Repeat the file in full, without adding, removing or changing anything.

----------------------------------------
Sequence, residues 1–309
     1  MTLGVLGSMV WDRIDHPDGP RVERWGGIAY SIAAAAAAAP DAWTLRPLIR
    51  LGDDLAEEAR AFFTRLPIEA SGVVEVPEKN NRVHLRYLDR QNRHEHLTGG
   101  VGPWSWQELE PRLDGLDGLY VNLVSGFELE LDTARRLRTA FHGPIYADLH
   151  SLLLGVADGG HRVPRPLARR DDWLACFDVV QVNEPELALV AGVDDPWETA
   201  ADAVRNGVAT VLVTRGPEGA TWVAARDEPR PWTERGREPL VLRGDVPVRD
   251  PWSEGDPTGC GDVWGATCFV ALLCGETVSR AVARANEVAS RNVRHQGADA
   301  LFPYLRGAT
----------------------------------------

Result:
Sequence, residues 1–309
     1  MTLGVLGSMV WDRIDHPDGP RVERWGGIAY SIAAAAAAAP DAWTLRPLIR
    51  LGDDLAEEAR AFFTRLPIEA SGVVEVPEKN NRVHLRYLDR QNRHEHLTGG
   101  VGPWSWQELE PRLDGLDGLY VNLVSGFELE LDTARRLRTA FHGPIYADLH
   151  SLLLGVADGG HRVPRPLARR DDWLACFDVV QVNEPELALV AGVDDPWETA
   201  ADAVRNGVAT VLVTRGPEGA TWVAARDEPR PWTERGREPL VLRGDVPVRD
   251  PWSEGDPTGC GDVWGATCFV ALLCGETVSR AVARANEVAS RNVRHQGADA
   301  LFPYLRGAT